In any situation, whether you have been arrested, been taken to the police station for questioning or have been stopped in the street, you have the right to remain silent. That being said, the police do have the right to ask you basic questions, and you may be breaking the law if you refuse to answer. These basic questions include;
- Your name and address
- Your place and date of birth
- Information regarding an accident you’ve witnessed
The police can also ask other questions under certain circumstances, so it’s best to seek legal advice when possible if you’re unsure.
If the police see you breaking the law, or they reasonably suspect you’ve either broken the law, or may do so in the future, you can be arrested. It’s important to know that the police don’t always require a warrant to make an arrest. Usually, it’s best to comply with their requests and to understand your rights while doing so.
If you’re being held for questioning, the police can only hold you for up to 8 hours before they need to apply to a magistrate or Justice of the Peace for an extension. If you’re worried about the legality of your arrest, seek legal advice as soon as possible.
An important distinction to make is that the police don’t have to arrest you to charge you with an offence. In Queensland, there are four ways that police may charge you with an offence that warrants a court appearance;
- The police may arrest you, and keep you in custody until your court appearance
- You may be given a notice to appear in court
- You may be given a complaint and summons to appear in court
- If you decide to oppose an infringement notice and opt to appear in court instead of paying a fine
Genereally speaking, the police will require a search warrant to search your property or vehicle. However, certain situations allow police to search without a warrant and without your consent.
The police may take your property as evidence during a search, but they must give you a receipt for items taken as soon as possible. They can hold your property for no more than 30 days before requiring a court order. If you believe your items should have been returned already, you can make a complaint. However it is best to seek legal assistance to do so.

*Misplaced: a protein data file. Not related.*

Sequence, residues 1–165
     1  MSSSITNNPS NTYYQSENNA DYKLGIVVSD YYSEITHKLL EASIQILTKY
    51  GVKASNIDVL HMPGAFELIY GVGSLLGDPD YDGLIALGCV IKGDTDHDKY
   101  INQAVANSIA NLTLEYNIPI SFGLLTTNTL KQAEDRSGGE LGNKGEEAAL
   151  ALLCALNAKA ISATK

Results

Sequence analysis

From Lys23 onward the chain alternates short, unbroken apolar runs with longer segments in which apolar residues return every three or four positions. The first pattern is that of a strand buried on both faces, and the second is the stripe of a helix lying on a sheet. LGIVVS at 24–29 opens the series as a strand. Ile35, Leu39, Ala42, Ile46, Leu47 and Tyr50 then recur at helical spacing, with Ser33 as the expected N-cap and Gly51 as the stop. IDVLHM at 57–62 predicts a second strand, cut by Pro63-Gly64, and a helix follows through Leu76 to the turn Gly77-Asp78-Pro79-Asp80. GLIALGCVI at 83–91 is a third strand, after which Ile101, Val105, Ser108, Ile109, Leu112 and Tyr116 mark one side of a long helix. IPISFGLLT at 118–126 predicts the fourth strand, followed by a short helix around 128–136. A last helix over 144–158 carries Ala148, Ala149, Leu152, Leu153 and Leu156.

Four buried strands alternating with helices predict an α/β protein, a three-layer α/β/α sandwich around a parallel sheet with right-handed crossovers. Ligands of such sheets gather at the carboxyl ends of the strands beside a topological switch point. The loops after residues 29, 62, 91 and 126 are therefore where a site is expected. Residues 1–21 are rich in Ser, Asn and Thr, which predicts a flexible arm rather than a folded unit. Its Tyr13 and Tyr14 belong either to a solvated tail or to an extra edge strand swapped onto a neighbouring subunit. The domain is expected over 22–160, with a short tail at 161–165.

Being Held in Custody
If you’ve been arrested by the police and taken to the station, they may decide to hold you in custody. Once you’re in custody, the police have the right to:
- Search you and your belongings
- Take your property as evidence
- Take identifying particulars (fingerprints, photos of scars or tattoos, handwriting samples etc.)
- Take DNA samples in more serious cases
- Keep you in custody until your court appearance
If you’ve been charged with an offence and the police refuse to give you bail, they must take you to the court as soon as reasonably possible. Once there, you can apply for bail. For any court appearance, seek legal representation for the best possible outcome.
Identification & DNA Samples
As mentioned above, if you’ve been arrested or charged with an offence, the police have the right to take identifying particulars (things which differentiate you from other people). Such as:
- Palm prints
- Handwriting samples
- Voice samples
- Photos of identifying features
- Body measurements
The police can also issue a notice to provide identifying particulars, which means you’ll need to go to the police station within 7 days to do so.
If your arrest or charge isn’t continued, or you’ve been found not guilty, your identifying particulars should be destroyed. However, they won’t be destroyed if:
- you’re being investigated or charged with another offence
- you’ve previously been found guilty of another offence, or
- you’re found unfit for trial because of a mental illness.
For more serious offences, the police may demand DNA samples, even if you do not agree to provide them. An authorised police officer, doctor or nurse can either take a mouth swab or a sample of your hair for DNA analysis. If you’ve been charged with a serious offence, you should definitely seek assistance from a criminal lawyer.
Brisbane Lawyers at Guest
In addition to representing people all over Queensland, we often travel to other states and territories. Our Brisbane lawyers are admitted to practice all over Australia. For an initial consultation (including in prisons), please get in touch with us either via email or by calling (07) 3211 3007.